Gender diversity in tech has so many benefits to a business – innovation, culture and diverse talent to name a few. In fact, research shows that gender-diverse companies are 15% more likely to outperform other companies financially. However, encouraging women to join your company can be difficult due to a history of male dominance in the technology industry. There are a number of things a recruiter can do to help attract more women to apply for their jobs. In this article, we look at 8 of these.
The way in which a job advertisement is written can have a huge impact on whether someone fills out an application or switches off completely. Research has found that many words which are commonly used in job adverts have gender associations. So, you could be switching women off purely by the way your job description is written.
Words like “analyse” “leader” and “expert” have been found to be very masculine-focused, whilst words such as “support” and “together” appeal to women more. There are software options such as Textio which scan your writing and identify areas where you could adapt to be more inclusive and balanced.
It’s common practice to include benefits in your job advertisement as you want to sell your company to a potential candidate, right? However, if you want to attract women, it’s key to ensure that the benefits you list are relevant to them. Things like maternity policies, childcare vouchers and flexible working will likely appeal to women and interest them – put them high up on the list.
Your careers site is a really great tool for telling potential hires about your company culture, values and benefits. However, it’s not just about what content you include on there. You need to make sure that your imagery is diverse and includes women as well as men. If someone goes on your site looking at your jobs but only sees photos of men, they’ll immediately think that they won’t fit in at your company. Also consider how you show your office benefits – football tables and free beer might appeal to some women, but it could also turn some off.
Where you advertise your job roles is key to who you attract. Research shows that men and women look for jobs in different places – men are more likely to look at traditional job boards like Indeed, Monster etc. Women tend to look for reviews, recommendations etc more – glassdoor is a key resource. Take some time to look at the glassdoor page for your company and put yourself in the shoes of a woman – are the benefits highlighted clearly? Are there negative reviews from previous women which may be impacting how likely someone is to apply?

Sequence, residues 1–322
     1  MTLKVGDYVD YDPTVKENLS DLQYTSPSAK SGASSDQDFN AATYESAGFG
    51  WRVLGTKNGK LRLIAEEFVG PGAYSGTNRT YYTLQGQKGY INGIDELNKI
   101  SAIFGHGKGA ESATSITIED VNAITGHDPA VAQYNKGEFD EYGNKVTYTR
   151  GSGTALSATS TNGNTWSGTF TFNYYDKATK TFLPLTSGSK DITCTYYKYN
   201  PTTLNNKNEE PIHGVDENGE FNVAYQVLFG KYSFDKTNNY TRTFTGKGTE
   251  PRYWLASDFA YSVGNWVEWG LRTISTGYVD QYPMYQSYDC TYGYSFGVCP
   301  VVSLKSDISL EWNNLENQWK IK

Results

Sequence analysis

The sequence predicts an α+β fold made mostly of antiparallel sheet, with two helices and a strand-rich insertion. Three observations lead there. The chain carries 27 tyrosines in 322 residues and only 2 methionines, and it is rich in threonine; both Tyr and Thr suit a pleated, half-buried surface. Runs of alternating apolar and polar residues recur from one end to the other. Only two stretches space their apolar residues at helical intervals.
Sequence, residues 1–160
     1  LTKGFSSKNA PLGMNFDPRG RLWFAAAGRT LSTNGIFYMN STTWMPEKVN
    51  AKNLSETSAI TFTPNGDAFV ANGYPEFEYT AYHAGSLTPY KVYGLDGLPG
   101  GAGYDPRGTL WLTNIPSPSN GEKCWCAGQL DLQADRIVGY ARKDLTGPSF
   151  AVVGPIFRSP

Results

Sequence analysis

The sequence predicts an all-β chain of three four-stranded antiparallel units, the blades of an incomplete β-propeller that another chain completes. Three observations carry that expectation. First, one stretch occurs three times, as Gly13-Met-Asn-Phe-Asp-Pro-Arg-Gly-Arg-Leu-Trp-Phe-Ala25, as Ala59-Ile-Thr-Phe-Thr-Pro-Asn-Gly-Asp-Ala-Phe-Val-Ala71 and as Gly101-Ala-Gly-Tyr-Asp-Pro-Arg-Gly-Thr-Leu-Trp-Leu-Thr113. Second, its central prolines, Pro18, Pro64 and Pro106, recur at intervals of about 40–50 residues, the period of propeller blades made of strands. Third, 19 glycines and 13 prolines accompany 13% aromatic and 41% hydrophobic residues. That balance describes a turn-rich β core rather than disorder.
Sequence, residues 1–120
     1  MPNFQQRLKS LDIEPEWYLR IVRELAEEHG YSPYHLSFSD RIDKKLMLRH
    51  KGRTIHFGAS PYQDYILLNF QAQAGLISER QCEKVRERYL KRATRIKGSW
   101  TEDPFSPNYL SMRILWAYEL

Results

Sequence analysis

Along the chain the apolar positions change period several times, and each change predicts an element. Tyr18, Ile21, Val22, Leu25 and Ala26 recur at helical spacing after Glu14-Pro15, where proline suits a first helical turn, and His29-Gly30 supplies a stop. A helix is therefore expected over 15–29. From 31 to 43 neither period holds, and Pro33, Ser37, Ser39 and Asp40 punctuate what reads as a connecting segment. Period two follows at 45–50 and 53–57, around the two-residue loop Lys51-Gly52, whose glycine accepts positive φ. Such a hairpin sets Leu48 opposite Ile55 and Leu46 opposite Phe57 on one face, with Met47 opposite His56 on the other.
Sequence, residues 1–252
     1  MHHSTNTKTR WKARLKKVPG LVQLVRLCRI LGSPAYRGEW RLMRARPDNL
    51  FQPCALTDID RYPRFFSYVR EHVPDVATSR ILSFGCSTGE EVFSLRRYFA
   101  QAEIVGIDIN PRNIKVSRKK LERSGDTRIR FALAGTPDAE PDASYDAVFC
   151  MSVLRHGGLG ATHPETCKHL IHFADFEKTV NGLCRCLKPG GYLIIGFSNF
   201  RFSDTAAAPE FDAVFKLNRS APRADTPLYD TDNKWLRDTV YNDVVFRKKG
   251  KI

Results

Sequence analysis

A sense of belonging is so important when you’re looking for a job. Feeling like you don’t fit in or not feeling comfortable can be a key reason why people end up quitting. Ensure that your job advert includes a bit about the culture of your company. What’s it like to work for you? Include real quotes and stories from current employees (preferably women) to help show why you’re a great choice for a candidate. Also important is to mention any potential development opportunities or training that a successful applicant may receive as part of their job.
It’s extremely common for a job advert to mention potential of flexible working, but often it is not fully explained what is meant. Instead of just saying you’re flexible, it’s key to explain what you mean by this. Give examples of different options available – can people work from home? Can they flex their hours around their personal commitments? For example, women might need to be able to drop/pick up their children so things like this are really useful to include.
61% of candidates expect to see salary details in a job advert – so why is it that only 46% of recruiters always include it? It’s such a taboo subject, but it’s so important that a salary bracket is included. When looking for a job, how much you will be paid is a big factor of whether you consider something or not, so it can be frustrating when this information isn’t detailed. As a recruiter, it’ll also save you time as if you’re being transparent about the pay bracket from the start, people won’t apply if it’s too low for them.
There is a high volume of women looking to return to work after a career break, usually after having children. Returners represent a highly-skilled talent pool and can be really valuable assets to employers. However, due to their career gap, they can sometimes be overlooked by recruiters. By being explicit that returners are welcome to apply for your roles, you are able to tap into this resource and thus increase the percentage of women in your company.
Working towards gender diversity in your company can be a lengthy process, and there are many different aspects of getting it right. However, by taking these steps you stand in good stead to attract a talented pool of women to apply for your job adverts.